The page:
“Mountain lions are not routinely scavengers. A mountain lion eating human remains is abnormal behavior. Those that do are more likely to attack a human being in the future,” Game & Fish Department Regional Supervisor Raul Vega said in a statement provided to CNN affiliate KGUN.
Vega added: “In addition, they did so 50 yards from a popular hiking trail and within sight of homes, and repeatedly showed no fear of responding officers.”
He said the mountain lions “were a clear and present danger to public safety.”
The mountain lions are being preserved as possible evidence in the death investigation, officials said.
An autopsy for the victim is scheduled for Thursday.

Five bears killed after coming too close to elementary school in Penticton, B.C.

Animals drew dozens of complaints since the summer, says conservation officer

These five bears travelled together in a pack in the Okanagan city of Penticton, B.C., before being put down by conservation officers on Thursday. (Submitted by Tobe Sprado/Conservation Officer Service)
comments

Five bears were destroyed by conservation officers in Penticton, B.C., Thursday after the group ventured too close to an elementary school.

Tobe Sprado, an inspector for the Okanagan region with the B.C. Conservation Officer Service, says the service has received 44 complaints about these particular bears since August.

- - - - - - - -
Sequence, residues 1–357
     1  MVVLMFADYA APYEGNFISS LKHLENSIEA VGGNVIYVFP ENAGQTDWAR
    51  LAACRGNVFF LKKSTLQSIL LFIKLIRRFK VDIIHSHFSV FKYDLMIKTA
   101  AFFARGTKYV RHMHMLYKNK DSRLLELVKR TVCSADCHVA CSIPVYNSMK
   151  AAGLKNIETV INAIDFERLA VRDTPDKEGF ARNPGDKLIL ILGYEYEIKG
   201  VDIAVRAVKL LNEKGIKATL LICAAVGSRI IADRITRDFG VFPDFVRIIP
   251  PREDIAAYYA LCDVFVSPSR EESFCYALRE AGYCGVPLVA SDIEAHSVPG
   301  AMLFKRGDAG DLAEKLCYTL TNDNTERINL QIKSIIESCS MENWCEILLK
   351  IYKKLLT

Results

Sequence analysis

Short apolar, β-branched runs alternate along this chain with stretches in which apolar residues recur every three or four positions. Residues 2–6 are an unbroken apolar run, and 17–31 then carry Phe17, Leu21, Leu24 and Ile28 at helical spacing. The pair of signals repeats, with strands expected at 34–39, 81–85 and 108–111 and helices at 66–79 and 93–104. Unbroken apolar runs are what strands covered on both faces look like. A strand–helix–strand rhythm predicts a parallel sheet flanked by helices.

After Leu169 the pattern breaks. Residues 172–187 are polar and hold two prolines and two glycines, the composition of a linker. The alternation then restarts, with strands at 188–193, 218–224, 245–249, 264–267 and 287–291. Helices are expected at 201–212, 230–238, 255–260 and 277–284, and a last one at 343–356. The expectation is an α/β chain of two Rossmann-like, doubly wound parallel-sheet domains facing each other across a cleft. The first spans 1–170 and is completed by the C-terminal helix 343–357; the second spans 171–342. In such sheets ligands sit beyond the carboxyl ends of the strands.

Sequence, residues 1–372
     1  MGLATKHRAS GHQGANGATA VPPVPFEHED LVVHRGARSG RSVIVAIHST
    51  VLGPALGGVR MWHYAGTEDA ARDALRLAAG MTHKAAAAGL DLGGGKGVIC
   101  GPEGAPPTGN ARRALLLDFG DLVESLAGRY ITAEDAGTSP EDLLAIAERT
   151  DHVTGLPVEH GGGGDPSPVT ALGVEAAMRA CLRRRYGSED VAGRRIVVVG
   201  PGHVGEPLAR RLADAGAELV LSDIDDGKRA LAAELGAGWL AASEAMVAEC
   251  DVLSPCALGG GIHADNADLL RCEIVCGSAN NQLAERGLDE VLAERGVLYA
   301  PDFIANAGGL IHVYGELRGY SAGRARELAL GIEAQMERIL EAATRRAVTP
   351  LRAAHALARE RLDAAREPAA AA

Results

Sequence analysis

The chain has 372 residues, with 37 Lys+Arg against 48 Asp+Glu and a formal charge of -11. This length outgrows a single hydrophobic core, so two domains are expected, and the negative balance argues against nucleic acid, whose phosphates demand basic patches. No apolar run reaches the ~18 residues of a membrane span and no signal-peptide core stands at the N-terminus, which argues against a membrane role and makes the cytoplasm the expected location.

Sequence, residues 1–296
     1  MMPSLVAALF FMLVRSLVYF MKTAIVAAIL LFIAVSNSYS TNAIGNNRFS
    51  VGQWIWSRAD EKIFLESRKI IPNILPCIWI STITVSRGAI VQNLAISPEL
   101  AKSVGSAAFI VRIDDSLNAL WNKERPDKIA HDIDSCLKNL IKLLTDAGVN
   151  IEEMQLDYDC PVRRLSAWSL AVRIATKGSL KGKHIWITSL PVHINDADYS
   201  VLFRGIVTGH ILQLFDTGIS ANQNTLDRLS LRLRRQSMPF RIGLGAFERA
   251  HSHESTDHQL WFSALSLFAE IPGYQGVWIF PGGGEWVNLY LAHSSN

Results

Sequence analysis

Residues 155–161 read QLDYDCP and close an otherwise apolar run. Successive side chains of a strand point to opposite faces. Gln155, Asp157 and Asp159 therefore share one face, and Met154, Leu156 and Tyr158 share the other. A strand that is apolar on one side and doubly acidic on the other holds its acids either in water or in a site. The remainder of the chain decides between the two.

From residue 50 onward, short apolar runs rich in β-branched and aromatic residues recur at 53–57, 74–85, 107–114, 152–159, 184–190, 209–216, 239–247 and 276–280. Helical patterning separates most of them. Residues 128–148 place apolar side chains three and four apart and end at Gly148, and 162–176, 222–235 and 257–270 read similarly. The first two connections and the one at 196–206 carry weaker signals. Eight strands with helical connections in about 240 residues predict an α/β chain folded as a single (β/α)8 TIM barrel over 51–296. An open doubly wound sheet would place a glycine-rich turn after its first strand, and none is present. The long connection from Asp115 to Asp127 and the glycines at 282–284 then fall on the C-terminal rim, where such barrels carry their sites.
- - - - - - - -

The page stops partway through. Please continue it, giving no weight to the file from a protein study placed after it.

“We were hoping that we’re going to be able to coexist with these bears,” Sprado said. “But things had escalated over that period of time.”

Sprado said the bears were attracted to garbage and fruit, and were starting to cause property damage.

On Wednesday afternoon, things escalated after one of the bears charged a person out walking.

“That [was] an aggressive behaviour that definitely put these bears more on our radar,” Sprado said.

“Then when they entered into the vicinity of the elementary school, we ended up making the decision to put down all five bears.”

The children and teachers were kept inside until the bears were shot dead.

Bears can cause problems in towns and cities as they look for food to eat before winter hibernation. (Submitted by Rachel Rowbottom)

Unusual grouping

Sprado said the bears would travel together in a pack, unusual for black bears. The group comprised three adult male bears and two females who were sub-adults.

“It wasn’t your typical sow with the cubs at all … [it’s] a bit of an anomaly from what we’re used to dealing with,” he said. “They could be a bunch of siblings.”

Sprado said his team was emotionally drained and frustrated by the turn of events.

It comes a little over a week after six bears were shot in the space of three days in the area of Lake Okanagan Resort northwest of Kelowna. In that case, the bears were eating garbage that hadn’t properly been secured and had lost their fear of humans.